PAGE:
Abbas Shaikh (Photo: by arrangement)

Abbas Sheikh (Photo: by arrangement)

Mumbai’s Marine Drive is the city’s best known image on a postcard.

In bygone days (and to a lesser extent today), when skyscrapers implicitly meant modernity, this giant arc of reclaimed land bordering the sea and backed by stacks of Mumbai high rises was the city’s signature view. At night, lit by the city’s electric lights and the headlights of passing traffic, it became ` Queen’s Necklace,’ the other name by which Marine Drive is famous. Mumbai’s romance with skyscrapers continues. But like in humanity’s romance with the automobile, a tall building is no more indisputable modernity. The idea of modernity has become more textured.

The road along Marine Drive is approximately three kilometres long. Cars and bikes zip on it. Between the road and the Arabian Sea is a paved area spanning almost the entire length of the arc. Over the years, it has become the postcard view of Mumbai-running. Early morning and evening, the paved area fetches walkers and runners. During weekends, their numbers rise, some of them running to Marine Drive from distant suburbs. Best known of these rituals is probably the monthly Bandra-NCPA run, happening the first Sunday of every month.

A late evening in 2009, a young man from Shikarpur in West Bengal’s Bardhaman district, stood on Marine Drive. He was born into a poor family. He studied only till the sixth standard. His father worked as a farm labourer and his earnings were too little for family of six – parents; two sons, two daughters. Although his elder brother managed to become a post graduate, our young man had to stop studies by the sixth standard to free up money to educate his sisters. The compulsion to find work struck early.

Many from Shikarpur ended up as gold workers in India’s jewellery business. The young man moved so, first to Sidhpur in north Gujarat where he worked for two years on a monthly salary of Rs 2000-2500. Then he shifted to Mumbai, joining a unit where he learnt to polish gold jewellery.

Days were tough. Working hours were long. As a youngster learning the ropes, he often ended up fetching water and cooking for 12-15 people. That late evening in 2009, Abbas Sheikh was out on a stroll with friends after yet another long day polishing gold. Going to Marine Drive after work had become a regular practice and it was on one such visit that Abbas noticed Mumbai’s runners on Queen’s Necklace.

His daily life was classic Mumbai (minus perhaps extensive commute for he stayed with other gold workers in town). It was clock-work, in tune with the timings and hours of the industry he worked for. It was a routine. From all over India, people reach Mumbai for such industrial routine. They find one and cling to it, till the human being’s natural restlessness rebels and seeks expression. Often, you don’t know you are restless within, you don’t know what you want till a hint of something different from the regular, passes you by. Abbas watched the runners pass by. Why not run like them? – He thought. “ Mujhe kuch bhi pata nahi tha running ke bare me (I didn’t know anything about running),’’ Abbas said recalling that Marine Drive-moment. Back then, inspired to run, he spent some money from his frugal earnings to buy track pants and a pair of ordinary sports shoes. “ I was too embarrassed to run in shorts,’’ Abbas said laughing.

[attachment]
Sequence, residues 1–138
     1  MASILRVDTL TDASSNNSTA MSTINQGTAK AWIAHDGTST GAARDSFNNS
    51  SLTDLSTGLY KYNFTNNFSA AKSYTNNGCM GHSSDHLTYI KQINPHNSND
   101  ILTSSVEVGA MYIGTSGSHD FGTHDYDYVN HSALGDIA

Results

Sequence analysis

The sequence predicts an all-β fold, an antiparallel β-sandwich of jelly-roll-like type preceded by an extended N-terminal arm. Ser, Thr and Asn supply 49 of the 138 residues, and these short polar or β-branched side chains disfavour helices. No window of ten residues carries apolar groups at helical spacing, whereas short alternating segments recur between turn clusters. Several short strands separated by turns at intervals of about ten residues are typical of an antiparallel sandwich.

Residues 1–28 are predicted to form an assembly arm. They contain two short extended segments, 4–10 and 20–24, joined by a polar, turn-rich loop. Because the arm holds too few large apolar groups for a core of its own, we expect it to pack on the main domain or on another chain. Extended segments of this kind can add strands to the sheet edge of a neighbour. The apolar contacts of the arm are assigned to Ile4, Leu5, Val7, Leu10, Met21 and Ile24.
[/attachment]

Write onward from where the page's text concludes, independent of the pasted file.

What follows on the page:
That was the beginning.

Abbas Sheikh is now among Mumbai’s best known ultra marathon runners.

The family back in Shikarpur; parents AnsarAli Khan and Moina Bibi with Abbas' sisters Monjila Shaikh and Tanjila Malik (Photo: by arrangement)

The family back home in Shikarpur; parents Ansar Ali Khan and Moina Bibi with Abbas’ sisters Monjila Sheikh and Tanjila Malik (Photo: by arrangement)

Shivaji Park in Dadar is one of the city’s active lifestyle zones. People play, exercise, walk, run – it is also venue for an ultra marathon, a 12 hour endurance-run that Abbas had participated in. We met Abbas near his work place in Sewri. The local Udipi restaurant was crowded, not to mention – you don’t get to sit for long in such busy eateries. And as it happens sometimes, both journalists went blank in the head when it came to recalling an alternative suitable joint nearby. The search for a place to sit and chat over coffee brought us all the way to Shivaji Park. We took a taxi; then walked. Unlike journalist shaped to slouch by typing, Abbas walked confidently. He has a light frame, emphasized further by the spring in his runner’s legs. Marine Drive and thoughts about how to get into running – that was long ago. Abbas now wore Mizuno shoes. We sat down at a cafe to hear his story.

Not long after that Marine Drive-evening, in his initial phase of running in Mumbai, the daily runs were avenue to discover both running and runners. Abbas was intrigued by the urban idea of running for running sake. He does not recall anything by way of running in Shikarpur. In his narrative, the village came across as nothing more than home; the starting point of his life transforming from nondescript to engaging with the advent of running. People running for the love of it, was for him, a totally Mumbai phenomenon. There was one thing in this craziness that he couldn’t comprehend – the distances people ran. They seemed to run and vanish. Over time, he had come to recognize the regular runners on Marine Drive. But unlike him confined to the length of Queen’s Necklace, their running didn’t seem to have an end. They rarely returned the same way. Once he chased after a couple of runners and tracked their progress, realizing in the process the existence of a concept called distance running. Emulating them, Abbas also increased his daily mileage. He began running long distances but had no idea of how to assess the distance. He thought he was doing 6-7 kilometres, when in reality he was running three to four times as much, sometimes more. Slowly he too was recognized as a regular and included into their fold by a group of runners. According to him, it was runners Dev Raman and Purvi Sheth who introduced him to the well known coach, Savio D’Souza. The improvement in his performance since has been remarkable. At the 2013 Bangalore Ultra, he won the 75 kilometre-run. In 2014, Abbas ended up winner in the 100 kilometre-run at the same event. He has also won the Mumbai Road Runners Runner of the Year (Male) award for the year 2013 and 2014.